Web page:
Childrens Hearing Section
If You Think Your Child Has a Hearing Loss
It is important that parents be aware of their child's hearing from the moment their child is born. Many things can affect a child's hearing. Some children run a high risk of hearing loss due to heredity or prenatal complications including rubella, syphilis, low birth weight, meningitis, and asphyxia. Toddlers and preschool age children may acquire a temporary or permanent hearing loss with repeated middle ear infections. Older children may acquire a hearing loss with repeated exposure to loud noise such as loud music.
If you suspect your child has difficulty hearing, seek professional help immediately. Early attention to your child's hearing will help your child reach his or her full potential.
Here are a few guidelines to help you determine if your child's hearing is normal.
From birth to three months the child should:
- Startle or cry at loud noises
- Stop moving and seem to listen to speech or sounds
- Awaken at a loud sound
From three to six months your child should:
- Look toward a sound or speaker
- Smile when spoken to
- Recognize mother's voice
- Enjoy rattles and other toys that make sounds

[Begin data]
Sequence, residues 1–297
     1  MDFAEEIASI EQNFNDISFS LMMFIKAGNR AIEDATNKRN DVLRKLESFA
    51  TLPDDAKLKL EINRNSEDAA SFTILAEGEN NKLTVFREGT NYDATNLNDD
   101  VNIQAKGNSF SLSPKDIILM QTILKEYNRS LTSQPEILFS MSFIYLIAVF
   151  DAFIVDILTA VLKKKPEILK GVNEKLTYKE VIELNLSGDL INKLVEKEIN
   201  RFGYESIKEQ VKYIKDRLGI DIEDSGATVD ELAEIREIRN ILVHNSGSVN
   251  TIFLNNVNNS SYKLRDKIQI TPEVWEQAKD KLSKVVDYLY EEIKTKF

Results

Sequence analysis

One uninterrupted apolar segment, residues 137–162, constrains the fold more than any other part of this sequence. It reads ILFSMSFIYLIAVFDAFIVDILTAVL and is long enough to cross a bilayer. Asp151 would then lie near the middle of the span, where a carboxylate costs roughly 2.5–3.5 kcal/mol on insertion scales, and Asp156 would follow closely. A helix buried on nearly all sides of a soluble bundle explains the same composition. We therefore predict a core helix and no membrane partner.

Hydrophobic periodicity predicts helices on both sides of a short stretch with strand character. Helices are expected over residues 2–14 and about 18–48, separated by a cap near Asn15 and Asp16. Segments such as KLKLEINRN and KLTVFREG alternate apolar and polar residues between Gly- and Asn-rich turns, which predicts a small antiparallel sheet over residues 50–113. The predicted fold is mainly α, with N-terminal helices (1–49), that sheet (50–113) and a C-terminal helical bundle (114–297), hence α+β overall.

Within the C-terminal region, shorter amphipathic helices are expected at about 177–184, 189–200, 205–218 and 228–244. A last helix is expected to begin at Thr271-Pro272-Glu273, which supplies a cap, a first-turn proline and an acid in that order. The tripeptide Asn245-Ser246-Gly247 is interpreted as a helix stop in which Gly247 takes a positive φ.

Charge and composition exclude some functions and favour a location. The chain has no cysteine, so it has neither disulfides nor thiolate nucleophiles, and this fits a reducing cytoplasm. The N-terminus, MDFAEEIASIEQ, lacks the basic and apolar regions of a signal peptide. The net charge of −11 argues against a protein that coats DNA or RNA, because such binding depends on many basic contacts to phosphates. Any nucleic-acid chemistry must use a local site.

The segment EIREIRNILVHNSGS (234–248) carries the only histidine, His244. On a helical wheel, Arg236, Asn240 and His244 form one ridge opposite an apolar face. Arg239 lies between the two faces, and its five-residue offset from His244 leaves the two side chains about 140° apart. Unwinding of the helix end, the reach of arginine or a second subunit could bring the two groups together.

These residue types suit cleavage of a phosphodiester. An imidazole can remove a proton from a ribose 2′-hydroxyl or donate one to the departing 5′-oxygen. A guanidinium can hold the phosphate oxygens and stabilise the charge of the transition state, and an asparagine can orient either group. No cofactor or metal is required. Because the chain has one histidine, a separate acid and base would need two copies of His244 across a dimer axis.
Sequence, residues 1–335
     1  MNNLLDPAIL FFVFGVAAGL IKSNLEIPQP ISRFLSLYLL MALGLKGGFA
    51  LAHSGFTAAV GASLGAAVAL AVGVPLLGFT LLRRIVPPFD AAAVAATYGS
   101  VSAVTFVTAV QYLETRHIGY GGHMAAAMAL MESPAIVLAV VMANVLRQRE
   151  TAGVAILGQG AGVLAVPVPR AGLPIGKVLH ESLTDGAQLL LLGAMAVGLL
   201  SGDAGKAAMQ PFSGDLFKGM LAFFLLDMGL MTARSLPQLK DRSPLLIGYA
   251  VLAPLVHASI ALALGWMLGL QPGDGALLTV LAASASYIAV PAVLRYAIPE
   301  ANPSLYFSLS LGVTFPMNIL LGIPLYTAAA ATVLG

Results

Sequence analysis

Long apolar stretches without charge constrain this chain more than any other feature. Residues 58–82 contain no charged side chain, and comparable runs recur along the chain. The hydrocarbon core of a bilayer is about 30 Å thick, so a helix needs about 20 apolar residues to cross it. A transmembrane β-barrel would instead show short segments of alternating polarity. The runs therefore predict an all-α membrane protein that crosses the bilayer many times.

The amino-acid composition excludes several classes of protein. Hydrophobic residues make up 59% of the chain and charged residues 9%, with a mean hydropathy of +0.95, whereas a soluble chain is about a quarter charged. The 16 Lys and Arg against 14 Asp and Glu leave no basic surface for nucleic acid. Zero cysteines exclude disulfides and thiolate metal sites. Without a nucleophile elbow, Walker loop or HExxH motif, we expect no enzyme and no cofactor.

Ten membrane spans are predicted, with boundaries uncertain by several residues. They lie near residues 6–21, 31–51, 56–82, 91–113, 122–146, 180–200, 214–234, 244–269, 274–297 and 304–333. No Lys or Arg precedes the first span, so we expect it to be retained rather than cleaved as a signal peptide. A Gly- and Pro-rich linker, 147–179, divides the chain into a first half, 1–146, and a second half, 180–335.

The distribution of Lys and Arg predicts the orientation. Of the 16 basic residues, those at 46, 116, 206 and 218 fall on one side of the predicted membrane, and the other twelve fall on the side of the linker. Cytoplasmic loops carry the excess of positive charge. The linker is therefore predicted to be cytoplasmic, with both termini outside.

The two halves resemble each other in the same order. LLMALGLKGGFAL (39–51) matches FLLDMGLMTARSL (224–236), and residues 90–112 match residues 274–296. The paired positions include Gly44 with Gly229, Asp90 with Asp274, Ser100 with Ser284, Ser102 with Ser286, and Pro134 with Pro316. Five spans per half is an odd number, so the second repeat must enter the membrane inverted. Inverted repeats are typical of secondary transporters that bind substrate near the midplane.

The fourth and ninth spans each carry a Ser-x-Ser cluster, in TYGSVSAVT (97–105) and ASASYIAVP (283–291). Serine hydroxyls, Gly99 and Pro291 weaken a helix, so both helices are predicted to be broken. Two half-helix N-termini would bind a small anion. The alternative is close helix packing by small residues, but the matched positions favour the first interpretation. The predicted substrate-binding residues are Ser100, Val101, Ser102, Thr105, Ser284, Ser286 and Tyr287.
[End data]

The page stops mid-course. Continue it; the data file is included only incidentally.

From six to nine months your child should:
- Responds to his or her name
- Babble and make lots of different sounds
- Respond to 'no'
From nine to twelve months your child should:
- Turn to look when name is called
- Listen to people talking
- Respond to simple commands such as 'give me', or 'come here'
- Understands 'bye-bye'
From twelve to eighteen months your child should:
- Point to objects or familiar people by name
- Imitate simple sounds or words
- Follow simple spoken directions
- Say 2-3 words by age one and 8-10 words by 18 months
From 1 and 1/2 years to age five your child should:
- Hear you call from another room
- Hear and understand conversation easily
- Hear TV or music at same loudness level as everyone else
- Hear quiet speech
- Have normal voice qualities and verbal language
- Show social rapport appropriate for his or her age